Converting Timespans to Repetition Patterns

Over on, I’ve recently published a followup article about creating daily or weekly scheduled PowerShell jobs that support a repetition interval. The short answer is to use the Scheduled Tasks cmdlets. In the Petri article I talk about needing to use a special string format for the timespan. It is documented on MSDN.

It isn’t especially difficult to work it out, but I thought it would be handy to have a PowerShell function to convert a timespan to this format.

Technically, the pattern will support any timespan but since the pattern used with scheduled tasks must be between 1 minute and 31 days, I added that as a validation parameter. The function simply builds the final string based on the number of date time elements, i.e. hours, minutes and seconds.

Hopefully this function makes it easier to automate the scheduled job and task process.

Change is in the air

Petri_162x87If you have read my blog for any length of time, or followed me, then you know that I have contributed a lot of content to a number of online resources over the years, often on a recurring basis. You may not realize it, but spreading out my workload over several sites can be quite demanding. After a lot of deliberation, I’ve decided to consolidate all of my online writing efforts with the Petri IT Knowledgebase.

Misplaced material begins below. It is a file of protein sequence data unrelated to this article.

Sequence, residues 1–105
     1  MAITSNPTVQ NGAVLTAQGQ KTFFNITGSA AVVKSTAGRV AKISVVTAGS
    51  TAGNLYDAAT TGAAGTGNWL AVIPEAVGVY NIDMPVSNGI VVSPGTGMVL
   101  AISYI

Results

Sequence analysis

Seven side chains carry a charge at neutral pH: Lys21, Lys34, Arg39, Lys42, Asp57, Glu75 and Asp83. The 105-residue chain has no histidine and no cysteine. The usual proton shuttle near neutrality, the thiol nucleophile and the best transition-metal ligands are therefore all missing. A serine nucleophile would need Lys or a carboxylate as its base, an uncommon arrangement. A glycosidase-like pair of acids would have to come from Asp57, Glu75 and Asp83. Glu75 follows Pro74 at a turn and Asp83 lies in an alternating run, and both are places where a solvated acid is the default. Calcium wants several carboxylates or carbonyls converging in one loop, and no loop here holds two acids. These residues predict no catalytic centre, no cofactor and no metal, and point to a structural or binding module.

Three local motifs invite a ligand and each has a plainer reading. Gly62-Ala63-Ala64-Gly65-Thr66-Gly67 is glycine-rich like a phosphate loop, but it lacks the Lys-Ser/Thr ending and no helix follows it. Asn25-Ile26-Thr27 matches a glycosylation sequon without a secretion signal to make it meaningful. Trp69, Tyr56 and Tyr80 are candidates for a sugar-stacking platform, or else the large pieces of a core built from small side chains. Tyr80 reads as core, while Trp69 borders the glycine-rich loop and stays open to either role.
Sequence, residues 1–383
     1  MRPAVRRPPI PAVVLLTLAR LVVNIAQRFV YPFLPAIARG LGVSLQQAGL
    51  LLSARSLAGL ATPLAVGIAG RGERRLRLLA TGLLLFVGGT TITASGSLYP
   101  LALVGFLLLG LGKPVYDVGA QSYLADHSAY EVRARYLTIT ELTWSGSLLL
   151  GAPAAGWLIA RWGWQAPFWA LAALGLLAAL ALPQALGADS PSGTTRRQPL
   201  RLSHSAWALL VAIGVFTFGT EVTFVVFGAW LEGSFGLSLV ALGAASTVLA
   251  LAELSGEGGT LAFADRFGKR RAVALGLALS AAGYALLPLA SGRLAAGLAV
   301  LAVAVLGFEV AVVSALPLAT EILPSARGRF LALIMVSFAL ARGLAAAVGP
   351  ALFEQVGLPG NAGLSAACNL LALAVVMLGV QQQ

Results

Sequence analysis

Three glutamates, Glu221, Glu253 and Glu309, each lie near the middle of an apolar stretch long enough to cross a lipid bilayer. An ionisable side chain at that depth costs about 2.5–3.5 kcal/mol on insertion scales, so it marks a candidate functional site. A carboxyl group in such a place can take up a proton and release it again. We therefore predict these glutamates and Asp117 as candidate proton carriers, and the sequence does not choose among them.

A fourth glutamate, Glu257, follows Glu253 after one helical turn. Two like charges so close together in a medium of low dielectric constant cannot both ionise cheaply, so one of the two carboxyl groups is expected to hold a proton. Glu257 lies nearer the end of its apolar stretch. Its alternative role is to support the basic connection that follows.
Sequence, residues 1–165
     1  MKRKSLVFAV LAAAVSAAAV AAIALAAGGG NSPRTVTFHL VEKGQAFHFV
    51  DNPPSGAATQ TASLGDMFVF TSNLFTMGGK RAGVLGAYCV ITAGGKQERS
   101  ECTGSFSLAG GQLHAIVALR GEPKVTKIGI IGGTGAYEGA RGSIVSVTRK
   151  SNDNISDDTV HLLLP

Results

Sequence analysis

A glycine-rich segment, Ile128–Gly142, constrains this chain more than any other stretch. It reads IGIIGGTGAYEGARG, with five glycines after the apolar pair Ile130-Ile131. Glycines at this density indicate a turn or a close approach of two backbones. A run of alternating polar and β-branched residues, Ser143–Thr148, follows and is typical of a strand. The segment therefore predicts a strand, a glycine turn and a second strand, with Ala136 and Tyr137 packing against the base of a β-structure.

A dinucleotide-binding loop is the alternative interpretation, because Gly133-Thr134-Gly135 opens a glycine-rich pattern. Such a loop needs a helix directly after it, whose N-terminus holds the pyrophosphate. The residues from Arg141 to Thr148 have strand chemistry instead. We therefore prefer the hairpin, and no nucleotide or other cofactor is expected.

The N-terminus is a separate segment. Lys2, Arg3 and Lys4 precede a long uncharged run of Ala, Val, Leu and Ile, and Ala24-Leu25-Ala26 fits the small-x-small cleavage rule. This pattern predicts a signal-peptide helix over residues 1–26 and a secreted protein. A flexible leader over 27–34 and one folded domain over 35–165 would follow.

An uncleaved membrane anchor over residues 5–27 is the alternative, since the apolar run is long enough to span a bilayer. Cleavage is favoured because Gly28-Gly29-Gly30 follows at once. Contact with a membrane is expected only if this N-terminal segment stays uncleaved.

The Petri IT Knowledgebase has been around since 1999 and has always been a source of high quality content for IT Pros.  For the longest time it had a domain name. But now you can find it at I will be publishing all of my online content exclusively at Petri where I will be a contributing editor. The site is being re-launched, lots of exciting things are in the works and I’m looking forward to being a part of it. At Petri, I will be primarily responsible for PowerShell related content. But you can expect to see me write about Active Directory, Group Policy, WMI, Hyper-V and Windows Server 2012 (and later).

I will still be blogging here and I will continue to create courses at Pluralsight. You will still find me at conferences like TechEd (or whatever it gets renamed) and the PowerShell Summit. I’ll still be doing PowerShell-related consulting and training on my own as well. Naturally, all of my existing content “in the wild” will remain where it is.

In most regards, nothing really changes other than the fact that you only have one place to check for my latest work. I hope you’ll come along for a great ride.